Holiday by mass land transport

Drink red wine, not milk

Support rapid research on capturing CO2 from the air.

Hand out leaflets at bus stops

Men's legs are beautiful too

Talk to local government about recycling biological waste

Keep a stock of morning after pills


Adopt another one

When will the USA go metric?

Write and publish leaflets

Holiday on a sailing ship

Start a course on climate change and solutions

Exercise periodically when its cold

Farmers now support the Green party

Give a talk at the local school

Chocolate's great with soya cream

Climate crisis not climate change

Share a car with your neighbours

Study tipping points and irreversibility

Email government ministers

Form a climate group with your neighbours or friends

Read Climate Cover-Up

Study palaeo-climatology

Soon meat becomes less tempting

Improve your foreign language skills

Adopt a baby girl 

Write an article for your local newspaper

Read Storms of My Grandchildren (after reading some climate science such as on this website)

Take plastic packaging off at the shop

Climate emergency not climate crisis

Ask you government to make a good video on the climate emergency

Move your company to where your workers live

Invite your favourite denier to a vegan lunch

Ask the supermarket to turn off half the lights

Study carbon taxes in more than one nation

Join yours with other climate groups

Shop at dimly lit shops

Email people you know abroad

Ask a climatologist to explain the various! meanings of CO2e

Plant and nurture trees in your garden till its full

Learn about biochar

Study the bus routes in your town or city

Support James Hansen for the Nobel Prize for physics, peace or whatever.

Protest new oil exploration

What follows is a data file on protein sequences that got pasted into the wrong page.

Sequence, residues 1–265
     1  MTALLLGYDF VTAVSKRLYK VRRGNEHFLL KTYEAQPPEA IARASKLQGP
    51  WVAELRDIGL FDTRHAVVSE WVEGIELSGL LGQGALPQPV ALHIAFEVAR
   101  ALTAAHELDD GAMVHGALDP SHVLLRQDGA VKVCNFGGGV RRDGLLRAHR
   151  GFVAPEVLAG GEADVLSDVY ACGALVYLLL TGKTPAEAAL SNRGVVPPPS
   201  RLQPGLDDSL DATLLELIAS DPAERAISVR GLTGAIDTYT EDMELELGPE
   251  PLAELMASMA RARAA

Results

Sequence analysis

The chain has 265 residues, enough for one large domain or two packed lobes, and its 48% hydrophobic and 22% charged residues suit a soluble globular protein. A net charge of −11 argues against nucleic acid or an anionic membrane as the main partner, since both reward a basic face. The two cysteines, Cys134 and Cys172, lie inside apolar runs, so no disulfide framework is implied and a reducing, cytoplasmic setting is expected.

Install a solar thermal hot water heater

Shop for food where the fridges have lids or doors

Plant 10 trees a month in neighbours' gardens and in parks

Ask your adult children what they think

Write a better letter to the newspapers

Organize a demonstration outside coal company offices.

Where are the Nobel prizes for Earth and social sciences?

Form a climate group at work

Give a talk at a school in a coal town

No children is best

Buy a glass of wine for a denier

Start an NGO

Support honest and intelligent politicians

Study short-term GHGs

Join a good political party

Give a talk at a school at an oil town

Study hire-purchase for solar panels

Stake out a coal energy factory

Don't export coal or oil

Work in a vulnerable area

Invest in geothermal

Live with a farmer family in the holidays and help them plant trees

Build a sailing ship

Give talks at the local town.

Hand out leaflets at another station

Video a debate

Move to a swinging seat in time for close elections



















 Michael Tuckson

The website author and publisher, December 2009.


Easy Summary


We must try to understand up-to-date climate science coming out over the last few years that warns of possible disaster. Ice shelves and sheets are melting much faster than before. Global temperatures are rising, with oscillations due to ocean oscillations. Natural causes are minor compared with pollution. This understanding must be spread by advanced adult education, especially among the powerful. As many readers as possible must spread understanding.


Denier leaders are funded by the fossil fuel, tobacco and similar corporations and/or are ideologues. Their arguments are always against, not considering pro and con, as with real science. They rarely call for better understanding, just attempt to confuse. None are climate scientists. Their motivation is salary and weak government, not salary and discovery. Either they do not care about their descendants or they do not understand the probable future.


We must put more emphasis on the short-term greenhouse influences such as methane. Carbon dixide must be captured from the atmosphere. Also we must lead with behaviour change before appropriate technology spreads. Birth control is important in some regions. Job-time sharing and retraining can reduce any unemployment resulting from mitigation measures. Mitigation must be coordinated globally by government and citizens in modern sectors. City pairing could be useful.